- Yeah. Of course things are always complicated (especially in chemistry). And, as we've all heard, the dose makes the poison -- but as I said before, that doesn't mean we can't classify things as toxins/poisons. And there seems to be a difference in how we think of toxins as opposed to poisons. Toxins are generally more persistent. We wouldn't include sodium or potassium in this article, even though they can be harmful if you take huge amounts of them. But what do you think about renaming this to Metal toxicity, and then attempting to do a nuanced overview of the possible toxicities of metals? You have a pet peeve about people not having this nuanced understanding; well, the best way to solve that pet peeve is to make the information more accessible. ImpIn | (t - c) 04:15, 27 June 2008 (UTC)
Like Smokefoot, I'm a chemist, and I, too, find the concept of toxic metal nearly useless. My thinking goes along the line of: 1) most elements are metals; 2) most elements are toxic (in one form or another, especially if one includes all oxidation states!); 3) most metals are toxic; 4) whether an element is toxic or not bears no simple relation with whether it is a metal or not. Would we have an article on toxic elements? And importantly, there is no "official" or even an unambiguous definition of what metals count as toxic.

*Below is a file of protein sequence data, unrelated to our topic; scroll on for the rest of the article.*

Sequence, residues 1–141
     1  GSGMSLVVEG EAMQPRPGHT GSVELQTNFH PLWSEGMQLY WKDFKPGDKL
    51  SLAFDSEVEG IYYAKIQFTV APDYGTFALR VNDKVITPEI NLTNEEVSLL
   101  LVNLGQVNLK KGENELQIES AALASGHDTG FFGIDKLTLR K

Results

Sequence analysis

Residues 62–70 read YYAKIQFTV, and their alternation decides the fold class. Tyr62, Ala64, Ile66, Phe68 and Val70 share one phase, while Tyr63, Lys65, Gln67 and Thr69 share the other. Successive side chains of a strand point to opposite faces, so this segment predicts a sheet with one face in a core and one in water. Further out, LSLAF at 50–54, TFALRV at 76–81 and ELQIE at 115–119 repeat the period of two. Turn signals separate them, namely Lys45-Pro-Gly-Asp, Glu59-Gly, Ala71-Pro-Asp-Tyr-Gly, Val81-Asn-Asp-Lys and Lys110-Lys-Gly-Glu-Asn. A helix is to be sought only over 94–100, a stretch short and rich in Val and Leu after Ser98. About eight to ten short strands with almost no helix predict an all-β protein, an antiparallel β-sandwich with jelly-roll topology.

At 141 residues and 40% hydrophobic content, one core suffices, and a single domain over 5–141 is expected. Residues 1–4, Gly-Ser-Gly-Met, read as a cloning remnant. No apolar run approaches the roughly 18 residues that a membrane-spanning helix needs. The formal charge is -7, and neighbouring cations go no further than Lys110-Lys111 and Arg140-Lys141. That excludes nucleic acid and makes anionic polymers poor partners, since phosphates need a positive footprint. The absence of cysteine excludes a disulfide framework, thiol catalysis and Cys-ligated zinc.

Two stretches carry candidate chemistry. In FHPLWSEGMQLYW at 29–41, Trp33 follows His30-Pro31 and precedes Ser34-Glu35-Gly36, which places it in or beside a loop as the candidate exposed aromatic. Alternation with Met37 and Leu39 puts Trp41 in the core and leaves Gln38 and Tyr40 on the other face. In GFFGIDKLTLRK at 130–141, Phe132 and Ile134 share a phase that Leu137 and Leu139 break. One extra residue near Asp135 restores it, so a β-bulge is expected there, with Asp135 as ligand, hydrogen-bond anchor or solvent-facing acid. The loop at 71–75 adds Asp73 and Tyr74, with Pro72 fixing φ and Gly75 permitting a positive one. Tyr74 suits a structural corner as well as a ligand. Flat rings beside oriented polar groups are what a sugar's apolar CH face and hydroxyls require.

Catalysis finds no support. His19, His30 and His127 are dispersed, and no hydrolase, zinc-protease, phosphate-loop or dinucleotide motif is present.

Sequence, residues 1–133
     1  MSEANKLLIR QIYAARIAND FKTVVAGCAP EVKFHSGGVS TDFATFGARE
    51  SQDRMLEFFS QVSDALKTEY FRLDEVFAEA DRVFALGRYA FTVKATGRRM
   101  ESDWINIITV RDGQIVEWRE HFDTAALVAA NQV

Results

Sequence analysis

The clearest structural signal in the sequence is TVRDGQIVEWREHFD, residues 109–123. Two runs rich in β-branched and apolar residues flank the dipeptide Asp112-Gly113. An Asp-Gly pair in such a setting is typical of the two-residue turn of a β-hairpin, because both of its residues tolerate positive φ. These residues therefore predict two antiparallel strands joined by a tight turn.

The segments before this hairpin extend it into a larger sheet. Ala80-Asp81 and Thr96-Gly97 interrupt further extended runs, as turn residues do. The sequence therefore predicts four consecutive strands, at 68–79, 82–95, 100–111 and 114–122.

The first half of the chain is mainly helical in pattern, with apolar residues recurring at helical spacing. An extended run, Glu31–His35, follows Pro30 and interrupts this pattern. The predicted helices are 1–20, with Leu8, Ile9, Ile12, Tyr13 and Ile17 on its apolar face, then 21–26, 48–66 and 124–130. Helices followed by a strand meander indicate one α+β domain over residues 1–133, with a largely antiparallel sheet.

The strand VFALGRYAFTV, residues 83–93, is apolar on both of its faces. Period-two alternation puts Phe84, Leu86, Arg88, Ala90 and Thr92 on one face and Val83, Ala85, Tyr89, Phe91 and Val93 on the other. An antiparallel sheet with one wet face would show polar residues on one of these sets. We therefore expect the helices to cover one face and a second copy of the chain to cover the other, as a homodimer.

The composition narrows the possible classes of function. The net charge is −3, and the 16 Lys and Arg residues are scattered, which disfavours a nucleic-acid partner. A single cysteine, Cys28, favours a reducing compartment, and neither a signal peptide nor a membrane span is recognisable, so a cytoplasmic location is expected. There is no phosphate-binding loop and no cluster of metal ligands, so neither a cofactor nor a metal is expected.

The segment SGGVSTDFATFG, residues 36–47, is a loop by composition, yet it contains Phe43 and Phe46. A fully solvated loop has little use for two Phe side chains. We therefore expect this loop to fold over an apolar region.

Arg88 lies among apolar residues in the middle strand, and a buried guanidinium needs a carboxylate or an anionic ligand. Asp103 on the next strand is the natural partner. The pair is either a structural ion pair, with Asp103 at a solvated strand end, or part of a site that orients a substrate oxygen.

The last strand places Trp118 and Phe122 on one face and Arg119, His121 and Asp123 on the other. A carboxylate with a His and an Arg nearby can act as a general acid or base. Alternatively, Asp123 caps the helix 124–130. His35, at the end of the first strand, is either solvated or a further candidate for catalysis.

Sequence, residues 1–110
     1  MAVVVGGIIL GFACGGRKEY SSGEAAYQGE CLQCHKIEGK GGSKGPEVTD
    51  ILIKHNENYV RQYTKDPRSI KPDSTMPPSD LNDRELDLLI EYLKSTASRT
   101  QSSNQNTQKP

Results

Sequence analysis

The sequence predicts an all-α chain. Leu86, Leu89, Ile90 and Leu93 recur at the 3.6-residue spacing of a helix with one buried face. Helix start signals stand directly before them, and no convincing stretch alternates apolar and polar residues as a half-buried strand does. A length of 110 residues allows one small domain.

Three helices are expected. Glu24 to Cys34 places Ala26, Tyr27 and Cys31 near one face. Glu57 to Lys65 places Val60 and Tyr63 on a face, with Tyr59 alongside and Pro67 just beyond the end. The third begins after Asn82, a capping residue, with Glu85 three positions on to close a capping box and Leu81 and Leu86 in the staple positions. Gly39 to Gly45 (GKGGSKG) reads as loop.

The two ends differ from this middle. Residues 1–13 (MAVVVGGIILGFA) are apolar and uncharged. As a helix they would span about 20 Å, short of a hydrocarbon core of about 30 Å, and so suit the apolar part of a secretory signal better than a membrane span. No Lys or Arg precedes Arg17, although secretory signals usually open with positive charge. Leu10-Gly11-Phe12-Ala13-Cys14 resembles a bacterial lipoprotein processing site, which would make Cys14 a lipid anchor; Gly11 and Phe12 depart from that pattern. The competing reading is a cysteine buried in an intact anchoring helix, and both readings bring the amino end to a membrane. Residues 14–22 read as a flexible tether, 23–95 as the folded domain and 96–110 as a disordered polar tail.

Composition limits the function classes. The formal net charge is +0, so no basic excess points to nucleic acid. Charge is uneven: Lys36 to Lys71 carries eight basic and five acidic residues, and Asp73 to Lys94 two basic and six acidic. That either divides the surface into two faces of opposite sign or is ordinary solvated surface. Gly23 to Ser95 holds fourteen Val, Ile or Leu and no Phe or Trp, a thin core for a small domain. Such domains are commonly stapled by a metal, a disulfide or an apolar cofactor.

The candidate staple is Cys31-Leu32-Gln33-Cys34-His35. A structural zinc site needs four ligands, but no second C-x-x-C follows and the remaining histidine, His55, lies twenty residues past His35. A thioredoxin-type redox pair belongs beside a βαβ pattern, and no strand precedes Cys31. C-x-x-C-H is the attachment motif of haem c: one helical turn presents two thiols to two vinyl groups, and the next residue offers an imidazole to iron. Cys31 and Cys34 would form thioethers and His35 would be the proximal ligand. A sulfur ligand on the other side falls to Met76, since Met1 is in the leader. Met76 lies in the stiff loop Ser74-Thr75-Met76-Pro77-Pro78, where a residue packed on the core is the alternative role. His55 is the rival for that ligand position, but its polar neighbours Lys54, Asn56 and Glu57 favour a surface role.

However, I try to step back an think from a different perspective. Maybe not all articles that have metal in the title are "our territory" as chemists. Perhaps others, say toxicologists, find such a concept useful, even if we don't. To try to decide such things, I often resort to the Google Books test. If there are books with toxic metal or a similar phrase in the title, I take it as a sign that someone finds the concept useful enough to write a book about it. And indeed there are a few books, such as Toxic Metal Chemistry in Marine Environments, Environmental Geochemistry of Potentially Toxic Metals, Molecular biology and toxicology of metals, and Concepts on Metal Ion Toxicity. The fact that Darmouth University has a Toxic metals research program also has to mean something. I have to emphasize that these books and this research program don't even use the same definition of metal chemists use (they include arsenic), but there's nothing we can do about that. If they find that these elements that they call toxic metals have some common features that make it convenient to group them from the point of view of toxicology, that's their business.
To conclude, I agree that renaming this article to metal toxicity would be a good move. That way the scope of the article would seem less arbitrary-- "toxic metal" suggests that a metal is either toxic or not, while "metal toxicity" suggests the study of the toxicity of metals, which puts them more along a continuum and makes it easier to think about the nuances. --Itub (talk) 09:21, 3 July 2008 (UTC)